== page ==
Guide to Child Care for Injured Kids

Doctor and nurse treating boy's arm in hospital
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Many kids experience a broken bone, sprain, or another type of injury while growing up. But caring for a youngster with a significant injury may require special consideration by a provider, and for those who are watching many kids, other arrangements may need to be made during recovery time.

While broken bones and sprains do mend with time, working parents may face the additional burden of having to make alternate arrangements or seek accommodations from their child care provider while their tot is injured. While some injuries don't require any changes (a kid with a broken arm is still typically able to attend child care and participate in certain field trips, for example), more severe injuries may not be able to be appropriately managed in a regular care setting.

An in-home provider who has a schedule that involves weekly field trips, park outings, and even special activities like swimming or splash days, may not be able to adequately care for a wheelchair-bound youngster with a broken leg.

What to Consider When Deciding on Care

Here are things parents should consider when deciding on care for an injured child.

  • What is the scope of my child's injury and how fragile will they be during recovery?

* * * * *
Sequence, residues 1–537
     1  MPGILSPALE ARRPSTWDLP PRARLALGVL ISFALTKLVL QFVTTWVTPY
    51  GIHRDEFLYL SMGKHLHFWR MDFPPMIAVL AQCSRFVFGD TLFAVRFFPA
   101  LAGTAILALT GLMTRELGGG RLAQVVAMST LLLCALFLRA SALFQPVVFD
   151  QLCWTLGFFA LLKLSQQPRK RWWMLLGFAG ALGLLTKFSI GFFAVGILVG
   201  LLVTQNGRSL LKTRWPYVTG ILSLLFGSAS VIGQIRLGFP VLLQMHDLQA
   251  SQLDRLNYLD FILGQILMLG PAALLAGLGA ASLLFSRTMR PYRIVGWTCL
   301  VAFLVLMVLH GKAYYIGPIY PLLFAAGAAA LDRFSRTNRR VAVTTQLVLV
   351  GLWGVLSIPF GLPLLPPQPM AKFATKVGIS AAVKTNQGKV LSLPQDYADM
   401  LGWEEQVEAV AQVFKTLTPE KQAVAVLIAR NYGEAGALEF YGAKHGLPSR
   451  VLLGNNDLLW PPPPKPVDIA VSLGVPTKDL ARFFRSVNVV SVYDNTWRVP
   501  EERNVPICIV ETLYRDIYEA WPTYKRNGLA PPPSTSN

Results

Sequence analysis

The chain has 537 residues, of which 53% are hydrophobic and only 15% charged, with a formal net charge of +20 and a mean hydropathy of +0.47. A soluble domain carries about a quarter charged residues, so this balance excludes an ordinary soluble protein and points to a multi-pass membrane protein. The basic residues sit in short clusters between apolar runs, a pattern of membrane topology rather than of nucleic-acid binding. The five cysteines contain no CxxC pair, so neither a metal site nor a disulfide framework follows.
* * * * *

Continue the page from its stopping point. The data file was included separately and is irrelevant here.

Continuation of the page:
• What activities does my child care provider have planned during the recovery time and how will my child deal with disappointment and other emotions if they are not able to participate?
  • Is the regular child care arrangement even feasible during my child's recovery time? Will the environment provide a safe and healthy recovery opportunity?
  • Is the child care provider willing to work with the injury and do they feel comfortable that they will be able to adequately meet the safety and health needs of all children in their care during this time?
  • Am I comfortable that the child care provider will tend to my child as directed by their physician? While parents may love their provider and feel confident in their abilities for general care, they should carefully evaluate whether a provider can provide ample downtime with leg elevation and icing for a broken leg, for example, dispense with medications at appropriate times and also help with bathroom and other hygiene needs.
  • Will the daycare even allow an injured child to participate? Some facilities will not allow a child to attend until a physician signs an "OK to return" note for liability purposes.

Is there an in-home provider who can care for your child? Some providers know of qualified care providers who can come to your home during periods of recovery. While the rate is typically higher, it still allows peace of mind for working parents.

Preparing for Potential Situations

Caring for an injured child is something that most families don't plan for, but it is a good idea for parents to ask potential child care providers or early education centers what their policies are just in case the unexpected does occur.

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